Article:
The rarefaction curves, Simpson indices and related evenness of Simpson index were obtained with MOTHUR (at 97% similarity) for all libraries [35, 36].

Good’s coverage was calculated as a percentage according to the following relation:

C = [1-(n/N)] x 100, where n represents the number of phylotypes appearing only once in a library and N being the library size [38].

Fluorescent in situ hybridization (FISH)

The FISH protocol used was described previously by Durand et al. [6]. Briefly, 3%-formaldehyde fixed dissected tissues were embedded in polyethylene glycol distearate-1-hexadecanol (9: 1) resin (Sigma, St. Louis, MO). Resin blocks were then cut into 6–10 μm sections using an RM 2165 microtome (Reichert-Jung, Germany). Sections were hybridized using several published probes (Table 2). The probe sequences have been compared to our sequences to check their specificity and determine their mismatches. The hybridization temperature was the same for all samples treated (46°C). Observations and imaging were performed using an ApoTome Axio Imager Z with a COLIBRI system (Zeiss, Jena, Germany) using ZEN software (Zeiss, Jena, Germany).

Scanning electron microscopy (SEM)

Before preparation, samples were observed under a stereomicroscope and photographed (Olympus SZX12 equipped with an Olympus U-CMAD3 camera). Samples were dehydrated through an ethanol series and critical point dried (Emitech K850). Samples were then gold-coated with a JEOL JFC-1200 fine coater. Observations were performed with a scanning electron microscope (Hitachi SU3500), operating between 5 and 25kV according to the sample.

X-ray microanalysis

Elemental energy-dispersive X-ray microanalyses (EDX) were performed on the samples used for SEM. X-ray microanalyses and elemental mappings were carried out using a scanning electron microscope (FEI Quanta 200) operating at 20 kV, and acquired with an energy dispersive X-ray detection system (SDD X-Max 80 mm detector).

Light microscopy (LM) and transmission electron microscopy (TEM)

Sections were prepared as described in Zbinden et al. [13]. Semi-thin sections were observed by light microscopy (using a Zeiss microscope, Jena, Germany). Ultra-thin sections were stained with Urany-less and lead citrate (Delta Microscopies) and observed on a Zeiss 912 transmission electron microscope operating at 80 kV.

Nucleotide sequence accession numbers

The sequences from this study are available through GenBank under the following accession numbers: LT855310 to LT855375 (16S rRNA genes sequences).


Shrimp morphological observations

Light microscopy observations of the inner branchiostegites revealed two distinct areas (Fig 1A): (i) the anterior part (corresponding to one third of the branchiostegite surface) showed an orange coloration, due to mineral deposits; and (ii) the posterior part facing the gills, which was translucent. The scaphognathites (Fig 1B), which bear long bacteriophore setae on both sides, were also covered in orange deposits. Stomach and gut of shrimps from the Rainbow site were full of orange/brown content, whereas those from Snake Pit and Lucky Strike were rather full of black/grey content, those from TAG having both orange and black particles in their content (S1 Fig).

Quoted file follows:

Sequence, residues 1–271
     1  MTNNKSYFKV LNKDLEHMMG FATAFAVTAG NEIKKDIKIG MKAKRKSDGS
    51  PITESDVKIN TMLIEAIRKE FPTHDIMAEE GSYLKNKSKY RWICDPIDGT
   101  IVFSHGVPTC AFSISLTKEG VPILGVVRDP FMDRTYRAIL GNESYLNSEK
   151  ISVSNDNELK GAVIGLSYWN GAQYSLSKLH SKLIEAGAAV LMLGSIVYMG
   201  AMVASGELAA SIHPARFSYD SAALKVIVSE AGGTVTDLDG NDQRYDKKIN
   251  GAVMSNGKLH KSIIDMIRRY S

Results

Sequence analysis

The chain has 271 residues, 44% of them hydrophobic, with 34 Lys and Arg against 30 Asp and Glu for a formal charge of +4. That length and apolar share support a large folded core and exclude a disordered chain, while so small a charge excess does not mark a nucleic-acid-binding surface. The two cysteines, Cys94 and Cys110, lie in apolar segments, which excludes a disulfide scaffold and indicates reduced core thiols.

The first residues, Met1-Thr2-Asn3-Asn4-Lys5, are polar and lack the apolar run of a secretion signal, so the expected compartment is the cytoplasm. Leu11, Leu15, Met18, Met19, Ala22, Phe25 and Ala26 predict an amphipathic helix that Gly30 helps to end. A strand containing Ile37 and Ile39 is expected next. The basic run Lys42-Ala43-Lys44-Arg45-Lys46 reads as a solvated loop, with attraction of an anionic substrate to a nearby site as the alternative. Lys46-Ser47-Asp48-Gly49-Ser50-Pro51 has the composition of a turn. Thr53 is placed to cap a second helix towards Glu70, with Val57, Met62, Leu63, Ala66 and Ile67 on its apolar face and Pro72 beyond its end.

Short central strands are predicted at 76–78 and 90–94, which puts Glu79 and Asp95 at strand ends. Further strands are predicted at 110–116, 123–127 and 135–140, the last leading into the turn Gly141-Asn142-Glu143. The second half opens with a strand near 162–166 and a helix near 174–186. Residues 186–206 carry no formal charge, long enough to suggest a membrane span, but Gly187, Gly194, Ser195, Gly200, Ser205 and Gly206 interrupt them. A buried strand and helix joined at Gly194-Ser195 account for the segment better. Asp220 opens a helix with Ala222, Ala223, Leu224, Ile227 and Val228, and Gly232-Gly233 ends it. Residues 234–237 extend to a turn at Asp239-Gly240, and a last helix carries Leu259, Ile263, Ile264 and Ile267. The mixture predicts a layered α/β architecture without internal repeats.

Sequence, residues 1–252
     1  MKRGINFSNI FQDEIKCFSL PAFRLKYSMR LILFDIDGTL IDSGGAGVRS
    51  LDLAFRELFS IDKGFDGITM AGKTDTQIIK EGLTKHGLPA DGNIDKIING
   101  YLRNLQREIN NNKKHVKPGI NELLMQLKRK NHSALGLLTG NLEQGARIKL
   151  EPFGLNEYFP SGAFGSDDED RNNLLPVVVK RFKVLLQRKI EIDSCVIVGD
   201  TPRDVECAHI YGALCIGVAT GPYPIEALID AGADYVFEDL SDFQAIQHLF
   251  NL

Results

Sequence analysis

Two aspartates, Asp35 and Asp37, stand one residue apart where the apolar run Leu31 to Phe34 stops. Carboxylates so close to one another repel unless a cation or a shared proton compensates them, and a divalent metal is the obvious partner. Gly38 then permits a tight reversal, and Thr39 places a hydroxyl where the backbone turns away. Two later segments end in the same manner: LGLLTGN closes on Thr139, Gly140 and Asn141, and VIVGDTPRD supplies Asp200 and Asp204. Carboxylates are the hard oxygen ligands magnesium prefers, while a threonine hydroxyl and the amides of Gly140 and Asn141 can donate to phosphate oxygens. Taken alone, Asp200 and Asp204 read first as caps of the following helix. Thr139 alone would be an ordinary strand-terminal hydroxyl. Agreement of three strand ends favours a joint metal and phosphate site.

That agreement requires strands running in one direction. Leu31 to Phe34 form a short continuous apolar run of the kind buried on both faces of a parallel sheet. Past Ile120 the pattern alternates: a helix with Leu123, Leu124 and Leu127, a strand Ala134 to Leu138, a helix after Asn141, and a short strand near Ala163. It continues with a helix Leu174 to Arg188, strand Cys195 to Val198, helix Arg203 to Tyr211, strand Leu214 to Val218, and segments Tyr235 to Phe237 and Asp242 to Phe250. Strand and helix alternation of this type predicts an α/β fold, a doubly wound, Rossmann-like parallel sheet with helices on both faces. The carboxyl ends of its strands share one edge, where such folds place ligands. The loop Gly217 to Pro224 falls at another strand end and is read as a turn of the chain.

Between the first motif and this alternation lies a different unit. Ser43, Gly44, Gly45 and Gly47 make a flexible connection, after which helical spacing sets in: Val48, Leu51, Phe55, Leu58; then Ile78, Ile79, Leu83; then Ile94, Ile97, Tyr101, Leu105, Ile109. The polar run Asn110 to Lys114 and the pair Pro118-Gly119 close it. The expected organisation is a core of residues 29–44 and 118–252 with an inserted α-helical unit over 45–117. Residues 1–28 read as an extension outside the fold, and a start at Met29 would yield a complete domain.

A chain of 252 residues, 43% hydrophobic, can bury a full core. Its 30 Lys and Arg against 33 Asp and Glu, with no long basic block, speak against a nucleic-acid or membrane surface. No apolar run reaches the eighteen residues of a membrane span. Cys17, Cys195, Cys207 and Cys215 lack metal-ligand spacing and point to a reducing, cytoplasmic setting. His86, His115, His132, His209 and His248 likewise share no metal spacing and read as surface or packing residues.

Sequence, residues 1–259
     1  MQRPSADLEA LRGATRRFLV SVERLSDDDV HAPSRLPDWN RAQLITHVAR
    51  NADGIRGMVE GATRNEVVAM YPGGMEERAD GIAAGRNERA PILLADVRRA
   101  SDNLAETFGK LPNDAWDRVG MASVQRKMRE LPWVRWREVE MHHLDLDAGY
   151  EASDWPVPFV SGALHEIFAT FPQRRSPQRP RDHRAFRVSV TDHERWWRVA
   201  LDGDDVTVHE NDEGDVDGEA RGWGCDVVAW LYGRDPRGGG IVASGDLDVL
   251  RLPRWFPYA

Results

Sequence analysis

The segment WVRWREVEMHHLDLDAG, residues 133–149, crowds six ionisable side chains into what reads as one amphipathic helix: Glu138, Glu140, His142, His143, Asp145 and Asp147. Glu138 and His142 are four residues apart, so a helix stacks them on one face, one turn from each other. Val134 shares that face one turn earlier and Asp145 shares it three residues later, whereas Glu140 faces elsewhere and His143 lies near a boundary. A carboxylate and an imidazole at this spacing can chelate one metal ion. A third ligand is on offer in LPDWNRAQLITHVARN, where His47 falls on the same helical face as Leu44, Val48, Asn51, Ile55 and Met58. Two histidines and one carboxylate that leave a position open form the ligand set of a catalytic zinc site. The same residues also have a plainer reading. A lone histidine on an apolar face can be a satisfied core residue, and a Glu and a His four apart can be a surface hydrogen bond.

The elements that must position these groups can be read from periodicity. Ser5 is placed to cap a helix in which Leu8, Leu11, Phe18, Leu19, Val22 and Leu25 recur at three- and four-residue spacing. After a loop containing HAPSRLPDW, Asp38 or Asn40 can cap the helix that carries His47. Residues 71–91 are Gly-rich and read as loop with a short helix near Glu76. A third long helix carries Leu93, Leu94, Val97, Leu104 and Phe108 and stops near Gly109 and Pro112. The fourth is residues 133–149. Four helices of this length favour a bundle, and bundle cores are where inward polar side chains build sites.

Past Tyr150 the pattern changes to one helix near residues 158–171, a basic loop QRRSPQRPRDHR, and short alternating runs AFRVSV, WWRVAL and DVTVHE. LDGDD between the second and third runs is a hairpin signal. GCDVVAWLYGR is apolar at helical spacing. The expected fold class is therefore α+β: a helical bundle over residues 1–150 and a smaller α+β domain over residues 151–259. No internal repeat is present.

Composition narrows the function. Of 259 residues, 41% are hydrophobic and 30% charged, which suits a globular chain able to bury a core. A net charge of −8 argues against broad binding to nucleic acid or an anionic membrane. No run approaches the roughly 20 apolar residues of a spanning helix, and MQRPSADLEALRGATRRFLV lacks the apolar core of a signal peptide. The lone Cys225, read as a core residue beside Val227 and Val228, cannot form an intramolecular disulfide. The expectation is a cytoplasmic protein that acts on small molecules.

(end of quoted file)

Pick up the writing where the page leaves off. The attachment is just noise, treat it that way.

Fig 1. Stereomicroscopic view of the tissues bearing the symbionts in R. chacei.

A) Inner face of a branchiostegite and B) Scaphognathite, showing also the occurrence of mineral deposits. Scale bars: A, B = 1.5 cm.

Morphology and distribution of bacteria

SEM observations of the branchiostegites (Fig 2A and 2C) and scaphognathites (Fig 2B) showed a dense microbial colonization. Combining SEM and TEM, a total of six bacterial morphotypes were observed: three type of filaments (Figs 2D, 3A and 3C), two rod-shaped (Fig 2E), and one coccobacillus morphotype (Fig 3D and 3E). The sizes and abundances of bacteria on specimens from each site are summarized in Table 3. Filamentous morphotypes comprised a large type (Lf, Figs 2D and 3A) and two thin types: one with short and thin cells (type 1, Tf1, Figs 2D and 3B) and one with longer and larger cells (type 2, Tf2, Figs 2D and 3C). Among the rods, the first type was longer and thinner than the second type (Fig 2E). The coccobacillus morphotype (Fig 3E) presented stacks of internal membranes characteristic of methanotrophic-like bacteria type I (Fig 3D) [39]. These occurred in small aggregates of four to seven bacteria. All these morphotypes were present on the branchiostegites and scaphognathites of the shrimp from each studied vent site, except for large filamentous morphotypes, which were not observed on TAG specimen, and methanotrophic-like bacteria, which were not observed on TAG or Snake Pit specimens.

Fig 2. SEM images of the bacterial colonization in the cephalothorax of Rimicaris chacei.

A) Overview of the inner side of the branchiostegite showing colonized (on the left) and uncolonized (on the right) areas. B) Overview of the dorsal side of the scaphognathite. C) Enlargement of the filamentous bacterial mat of the inner side of the branchiostegite. D) High magnification of the three filamentous morphotypes: large filaments (Lf), thin filaments of type 1 (Tf1) and thin filaments of type 2 (Tf2). E) The two bacillus morphotypes (types 1 and 2) on the inner side of the branchiostegite. Scale bars A, B = 1 mm, C = 400 μm, D, E = 5 μm.

Fig 3. TEM and SEM observations of the different bacterial morphotypes and X-ray analysis of the associated minerals.

A) TEM view of a large filament. B) TEM view of a type 1 thin filament. C) TEM view of a type 2 thin filament. D) TEM view of methanotrophic-like bacteria. E) SEM image of a methanotrophic-like bacteria morphotype (arrowheads). (F-G) Elemental X-ray microanalysis of mineral deposits on branchiostegite of a specimen from the Rainbow site. Most of this rusty-colored mineral deposit is composed of iron and oxygen, supposedly as iron oxide (F). Fe/Cu sulfide particles can be occasionally observed among the oxide particles (G). Scale bars A, B, C, D and insert in D = 1 μm, E = 10 μm.